The Internet and New Technologies: How Do They Affect Your Psyche?

The Internet and New Technologies: How Do They Affect Your Psyche?

 
 
 
 

By Janette Leon-Speyer & Alison Brown, Web Success Team

Like the universe, the Internet is the hub of rapid expansion and constant change. It’s hard to remember a time that existed without iPhones, Facebook, Twitter, Google and email. Being instantly connected to everyone you know is a relatively new phenomenon, but how good can this be for our mental wellbeing. The effects that these sorts of situations have on the human psyche have yet to be fully explored. What we do know is that there are effects, but the extent of its influence has yet to show its true colors.

From A Psychological Standpoint

If someone defriends you, do you take it personally? What if your YouTube video goes viral and you become an instant celebrity overnight? While these are situations that take place in the virtual world, it can be hard to separate the feelings you get as a result of these actions in the real world. One example of online stardom at its worst is the case of Jason Russell and his Kony 2012 video that received 70 million views in less than a week. Once you reach that level of exposure, you become subject to social scrutiny on all fronts, something that not everyone is fully prepared for. Russell suffered a nervous breakdown in public and doctors have referred to it as a state of “reactive psychosis” brought on by the stress of the campaign’s overnight success.

Susceptibility to Technology Addiction

The aspect of technology addiction is also an alarming reality. People are developing unhealthy dependences on the Internet and technologies such as the iPhone. In 2010 two psychiatrists in Taiwan reported that they had two patients suffering from “iPhone addition,” and one patient was even submitted to an asylum after his phone usage reached 24 hours a day. The increasing use of social media is also an area of concern as teenagers are becoming increasingly dependent on platforms such as Facebook to communicate with friends instead of using the phone or initiating face-to-face contact.

On a Happy Note

While the Internet and new technologies do point to an overwhelming trend of negative societal outcomes, like any issue, there is always a positive side. If looking at pictures of puppies cheers you up, the Internet is the best place to find them. How about something inspirational? There are a number of daily blogs that aim to inspire and refresh your mind with positive thinking. If you’re looking for something more visually appealing such as photography, create an RSS feed that captures some of your favorite photographer’s work. If you’re feeling down, try cutting out online use entirely. Giving your brain a chance to recharge without any technological influences can really make a difference.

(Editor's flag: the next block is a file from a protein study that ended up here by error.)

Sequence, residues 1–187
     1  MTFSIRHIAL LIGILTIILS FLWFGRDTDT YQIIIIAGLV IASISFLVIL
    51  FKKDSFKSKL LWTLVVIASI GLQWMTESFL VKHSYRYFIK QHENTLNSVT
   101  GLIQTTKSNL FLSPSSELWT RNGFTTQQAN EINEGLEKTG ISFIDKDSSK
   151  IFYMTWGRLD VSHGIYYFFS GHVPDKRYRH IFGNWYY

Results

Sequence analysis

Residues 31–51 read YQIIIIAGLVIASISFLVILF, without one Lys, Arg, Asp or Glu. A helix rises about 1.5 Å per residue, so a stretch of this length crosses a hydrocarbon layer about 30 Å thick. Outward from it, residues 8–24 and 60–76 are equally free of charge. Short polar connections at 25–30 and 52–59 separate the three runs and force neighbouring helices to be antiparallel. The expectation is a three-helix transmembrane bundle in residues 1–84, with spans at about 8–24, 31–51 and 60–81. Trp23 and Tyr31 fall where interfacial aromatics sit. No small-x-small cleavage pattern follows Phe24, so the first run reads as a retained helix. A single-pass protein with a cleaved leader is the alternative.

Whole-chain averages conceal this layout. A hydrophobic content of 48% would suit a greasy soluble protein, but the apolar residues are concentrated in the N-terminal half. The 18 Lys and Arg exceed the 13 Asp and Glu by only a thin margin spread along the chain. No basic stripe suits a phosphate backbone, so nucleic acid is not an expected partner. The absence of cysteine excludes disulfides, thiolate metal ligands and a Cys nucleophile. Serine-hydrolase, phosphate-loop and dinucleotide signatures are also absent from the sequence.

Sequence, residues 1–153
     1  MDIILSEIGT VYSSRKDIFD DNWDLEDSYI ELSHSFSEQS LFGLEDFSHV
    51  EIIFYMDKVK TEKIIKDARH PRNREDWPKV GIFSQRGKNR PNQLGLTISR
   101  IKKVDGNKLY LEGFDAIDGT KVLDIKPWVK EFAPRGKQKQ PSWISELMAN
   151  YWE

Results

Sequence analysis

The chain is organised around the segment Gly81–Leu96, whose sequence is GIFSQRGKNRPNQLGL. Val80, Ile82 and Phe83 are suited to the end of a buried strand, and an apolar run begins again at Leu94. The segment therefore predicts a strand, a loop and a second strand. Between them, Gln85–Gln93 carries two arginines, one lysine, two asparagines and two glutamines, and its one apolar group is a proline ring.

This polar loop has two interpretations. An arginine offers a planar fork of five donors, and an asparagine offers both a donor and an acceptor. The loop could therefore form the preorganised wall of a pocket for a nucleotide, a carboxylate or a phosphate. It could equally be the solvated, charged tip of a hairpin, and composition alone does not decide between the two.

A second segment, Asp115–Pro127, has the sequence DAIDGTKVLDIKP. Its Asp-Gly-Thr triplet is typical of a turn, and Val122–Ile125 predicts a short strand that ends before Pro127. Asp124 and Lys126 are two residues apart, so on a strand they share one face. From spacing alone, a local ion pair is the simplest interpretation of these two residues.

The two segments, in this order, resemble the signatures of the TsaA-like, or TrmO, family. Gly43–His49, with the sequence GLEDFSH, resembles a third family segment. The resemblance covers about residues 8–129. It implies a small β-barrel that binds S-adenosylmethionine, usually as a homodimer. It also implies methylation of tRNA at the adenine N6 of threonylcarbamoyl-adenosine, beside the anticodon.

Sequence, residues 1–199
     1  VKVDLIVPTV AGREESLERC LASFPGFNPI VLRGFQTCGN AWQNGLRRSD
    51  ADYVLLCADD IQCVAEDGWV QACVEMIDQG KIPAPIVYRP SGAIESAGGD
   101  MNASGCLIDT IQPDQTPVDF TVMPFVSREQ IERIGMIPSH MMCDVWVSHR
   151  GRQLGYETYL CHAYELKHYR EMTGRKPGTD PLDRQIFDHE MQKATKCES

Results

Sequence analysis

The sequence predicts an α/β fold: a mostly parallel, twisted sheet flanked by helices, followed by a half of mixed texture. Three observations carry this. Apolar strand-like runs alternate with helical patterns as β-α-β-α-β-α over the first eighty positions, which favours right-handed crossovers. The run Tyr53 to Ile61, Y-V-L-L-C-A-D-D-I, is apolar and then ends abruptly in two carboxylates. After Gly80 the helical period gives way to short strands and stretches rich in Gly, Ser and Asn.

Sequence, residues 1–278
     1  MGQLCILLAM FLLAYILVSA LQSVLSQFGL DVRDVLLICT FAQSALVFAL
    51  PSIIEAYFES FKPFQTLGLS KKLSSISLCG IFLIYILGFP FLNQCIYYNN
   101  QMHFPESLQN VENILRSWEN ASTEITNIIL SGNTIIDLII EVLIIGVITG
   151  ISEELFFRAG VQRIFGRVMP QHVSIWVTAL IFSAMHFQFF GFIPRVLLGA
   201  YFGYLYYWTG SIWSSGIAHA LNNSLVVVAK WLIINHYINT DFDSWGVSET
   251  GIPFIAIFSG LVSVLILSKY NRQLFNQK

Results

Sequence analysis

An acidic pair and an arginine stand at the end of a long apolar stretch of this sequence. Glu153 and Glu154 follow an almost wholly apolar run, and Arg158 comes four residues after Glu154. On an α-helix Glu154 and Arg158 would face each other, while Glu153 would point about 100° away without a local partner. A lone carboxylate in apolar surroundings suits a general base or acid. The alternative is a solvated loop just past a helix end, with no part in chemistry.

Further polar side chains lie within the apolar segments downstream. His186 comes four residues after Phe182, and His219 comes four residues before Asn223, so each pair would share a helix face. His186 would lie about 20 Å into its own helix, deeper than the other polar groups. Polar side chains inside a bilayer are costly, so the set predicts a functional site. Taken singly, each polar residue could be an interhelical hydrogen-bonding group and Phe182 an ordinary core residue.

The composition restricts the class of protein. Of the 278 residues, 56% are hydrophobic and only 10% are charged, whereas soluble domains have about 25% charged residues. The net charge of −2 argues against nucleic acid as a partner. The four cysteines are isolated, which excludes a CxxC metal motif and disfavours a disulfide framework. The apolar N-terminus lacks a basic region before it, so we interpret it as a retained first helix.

Where Do We Go From Here?

The world is spinning, and technology sometimes makes it seem like it’s spinning faster than ever. While the negative social aspects of rapidly developing technology are becoming more apparent, perhaps it is pointing to something that is taking place on a more fundamental level. As we as a society become more accustomed to communicating online rather than face-to-face, we must make the conscious decision to make sure that the digital world doesn’t take over reality. By ensuring that personal interactions are still a priority and taking time each day to detach from technology, we can ensure that the lines don’t blur any further— but it’s up to us to maintain that balance.

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2 comments

  1. Terea Jennings
    August 22nd, 2012 20:51  / 

    Some days it’s worrisome. Most days I find it miraculous. Balance is key. That’s not new. But I try to hike a few hours a week to stay grounded in the real world.

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